|The Seventh Continent|
|Welcome to "The Seventh Continent",
Ethan's Antarctic Home Page
To all of you who have found your way here thanks to International Talk Like a Pirate Day, Ahoy, Me Hearties!
If you found my webpage mentioned in the April, 2005, edition of "Cooking Light" Magazine. You'll find my mention of cooking Thai curry in the Antarctic here.
It's Summer at last, at Pole, following two weeks of weather delays mostly due to conditions at McMurdo.
This Summer season at Pole started off differently than in recent years. Because of early-season cold weather over the past few Octobers, the usual station-opening LC-130 flight around 20 October was scheduled for 29 October (arriving in the wee hours of 31 October), coming on the heels of six scheduled (five actual) "pre-opening" flights on a Basler (a modernized DC-3, essentially). I was originally scheduled to go down on the fourth flight (on Sunday), arriving about the same time I usually do, just not on the first plane of the year. But, due to days and days of bad weather, I didn't get down to Pole until 27 October. At least I did make the final Basler flight of the pre-season schedule.
Last summer's Ice Cube deployment went well - they added 13 new strings to the 8 we installed the year before, taking it from 'IC9' to 'IC22'. This season's plans are to install 14-18 strings.
While you are waiting on me to have time to make updates, you can see what I was up to two years ago, four years ago, and twelve years ago this month.
I was surprised be browsing through the Sunday paper in Christchurch and running across a picture of me at the Pole from July, 2004, as I posed for my 300 Club photo
Readers of the online geek comic UserFriendly might recognize me from the 2004 plot-line when the UF crew visited the South Pole.
If you've been here before, you might want to look for the most recent entries in my journal. I am still recovering from fallout from my emergency rehosting last year, but at least my gallery and site search are working again (the recent modifications page and feedback pages are still out of order).
The answer to the number one question, "how many continents are there?" is seven: Asia, Africa, North America, South America, Antarctica, Europe and Australia (in decreasing order of size).
AMANDA (external site)
Amundsen-Scott South Pole Station
Oldest - March, 1995
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Living and Working on the 7th Continent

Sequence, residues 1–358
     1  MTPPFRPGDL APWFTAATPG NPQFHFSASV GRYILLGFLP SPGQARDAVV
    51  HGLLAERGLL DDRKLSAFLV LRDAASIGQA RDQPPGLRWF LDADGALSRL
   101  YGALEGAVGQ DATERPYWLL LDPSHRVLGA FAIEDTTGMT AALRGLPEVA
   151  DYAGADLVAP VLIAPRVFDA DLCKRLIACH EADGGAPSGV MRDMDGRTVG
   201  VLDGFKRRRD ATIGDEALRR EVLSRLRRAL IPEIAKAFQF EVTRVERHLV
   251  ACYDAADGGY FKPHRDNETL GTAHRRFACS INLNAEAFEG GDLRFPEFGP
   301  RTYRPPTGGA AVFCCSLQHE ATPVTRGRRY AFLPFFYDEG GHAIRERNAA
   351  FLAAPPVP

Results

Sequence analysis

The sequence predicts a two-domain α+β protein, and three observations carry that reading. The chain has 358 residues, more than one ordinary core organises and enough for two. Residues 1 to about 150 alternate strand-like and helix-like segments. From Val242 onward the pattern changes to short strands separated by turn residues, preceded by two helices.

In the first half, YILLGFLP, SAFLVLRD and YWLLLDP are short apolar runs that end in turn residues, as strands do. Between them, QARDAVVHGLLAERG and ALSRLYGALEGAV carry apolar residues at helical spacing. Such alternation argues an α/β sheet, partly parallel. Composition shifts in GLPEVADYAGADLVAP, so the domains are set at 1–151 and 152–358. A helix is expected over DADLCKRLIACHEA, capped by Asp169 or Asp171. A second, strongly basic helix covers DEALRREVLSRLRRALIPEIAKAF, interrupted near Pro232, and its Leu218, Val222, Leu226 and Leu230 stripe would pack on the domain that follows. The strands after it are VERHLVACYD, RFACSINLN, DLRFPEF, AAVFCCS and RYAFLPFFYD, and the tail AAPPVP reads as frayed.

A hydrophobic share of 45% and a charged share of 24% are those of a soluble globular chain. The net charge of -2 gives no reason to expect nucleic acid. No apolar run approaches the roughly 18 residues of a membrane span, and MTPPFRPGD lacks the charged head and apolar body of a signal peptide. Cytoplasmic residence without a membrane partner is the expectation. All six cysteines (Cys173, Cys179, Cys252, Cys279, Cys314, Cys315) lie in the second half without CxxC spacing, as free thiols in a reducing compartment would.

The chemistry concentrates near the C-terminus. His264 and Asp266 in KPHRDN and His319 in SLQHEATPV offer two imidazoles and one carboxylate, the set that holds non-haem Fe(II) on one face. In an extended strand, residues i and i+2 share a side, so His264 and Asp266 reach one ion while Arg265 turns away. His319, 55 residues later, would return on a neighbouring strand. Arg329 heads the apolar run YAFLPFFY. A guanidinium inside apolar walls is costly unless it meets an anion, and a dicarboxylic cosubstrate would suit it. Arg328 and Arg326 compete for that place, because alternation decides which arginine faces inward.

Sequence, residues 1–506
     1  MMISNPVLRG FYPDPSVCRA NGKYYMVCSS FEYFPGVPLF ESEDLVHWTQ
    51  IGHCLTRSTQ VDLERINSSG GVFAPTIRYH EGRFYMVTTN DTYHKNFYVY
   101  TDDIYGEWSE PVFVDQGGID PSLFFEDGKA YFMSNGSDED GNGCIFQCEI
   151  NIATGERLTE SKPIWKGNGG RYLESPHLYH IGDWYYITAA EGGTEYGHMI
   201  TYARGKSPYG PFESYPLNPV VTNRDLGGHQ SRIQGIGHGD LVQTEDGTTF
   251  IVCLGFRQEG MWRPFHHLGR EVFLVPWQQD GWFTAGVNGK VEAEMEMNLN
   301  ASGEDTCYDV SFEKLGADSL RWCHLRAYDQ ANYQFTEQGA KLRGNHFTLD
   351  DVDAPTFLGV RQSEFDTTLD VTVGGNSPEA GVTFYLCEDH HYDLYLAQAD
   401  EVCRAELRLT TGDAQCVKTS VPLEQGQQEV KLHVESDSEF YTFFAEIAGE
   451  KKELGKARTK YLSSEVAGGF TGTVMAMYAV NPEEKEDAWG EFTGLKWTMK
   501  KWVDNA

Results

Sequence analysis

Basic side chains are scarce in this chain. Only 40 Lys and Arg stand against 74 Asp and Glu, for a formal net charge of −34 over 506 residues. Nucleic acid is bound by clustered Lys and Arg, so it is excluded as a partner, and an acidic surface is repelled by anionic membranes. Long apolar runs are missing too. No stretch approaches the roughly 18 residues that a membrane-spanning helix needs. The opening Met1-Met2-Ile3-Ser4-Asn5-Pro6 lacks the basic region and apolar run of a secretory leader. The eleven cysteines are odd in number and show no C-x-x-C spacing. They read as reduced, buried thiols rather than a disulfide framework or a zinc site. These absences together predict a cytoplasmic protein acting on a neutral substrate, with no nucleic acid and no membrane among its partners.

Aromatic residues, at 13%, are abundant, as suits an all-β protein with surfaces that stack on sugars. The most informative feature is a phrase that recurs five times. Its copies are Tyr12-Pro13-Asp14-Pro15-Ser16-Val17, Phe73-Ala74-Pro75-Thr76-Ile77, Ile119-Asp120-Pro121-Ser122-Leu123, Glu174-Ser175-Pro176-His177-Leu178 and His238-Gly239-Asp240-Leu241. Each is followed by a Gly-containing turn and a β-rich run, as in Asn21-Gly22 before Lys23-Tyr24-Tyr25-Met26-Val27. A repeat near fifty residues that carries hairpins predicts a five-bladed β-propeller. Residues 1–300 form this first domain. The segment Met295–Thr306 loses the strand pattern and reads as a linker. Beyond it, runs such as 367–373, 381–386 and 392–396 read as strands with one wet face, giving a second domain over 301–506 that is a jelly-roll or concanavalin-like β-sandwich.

Amundsen-Scott South Pole Station
The Dome, built in 1975, is getting buried too deeply in the snow to dig out every year and except for food storage, all but abandoned. The new station was brought online as parts of it were completed, with total conditional occupancy granted before the start of the 2006 winter. The new Galley went operational at the beginning of the 2003 Winter season, the new Bio-Med, Laundry, and Store were opened to the general station population at the end of the 2003-2004 Summer season, and the new Greenhouse had its first plants by mid-winter 2004. The last two pods, A4 summer housing, and B4, the gymnasium, were enclosed as the 2004-2005 summer ended. Comms moved up from the dome in the middle of the 2005-2006 Summer, then the gym was completed over the 2006 winter. The new station was under construction for several years, and all the old buildings under the dome have now been demolished. The dome itself has only a few seasons until it, too, heads North in triwalls in the back of a Herc. The old freshie shack and old workout room went in 2003; 2005 saw the demise of the old greenhouse, the old galley and the old bar; even Bio-Med is gone. The Annex was the first under the hammer in 2006, then the Comms demolition started around mid-winter. Upper Berthing was the last to go that winter, then Science in 2007. Except for food pulls, the Dome stays dark, and is presently off-limits due to the heavy equipment digging out the old Power Plant Arch to the left of the Dome Entrance. Soon, even the Entrance will be dismantled as part of the Cargo Facility upgrades.
Lake Hoare in the McMurdo Dry Valleys
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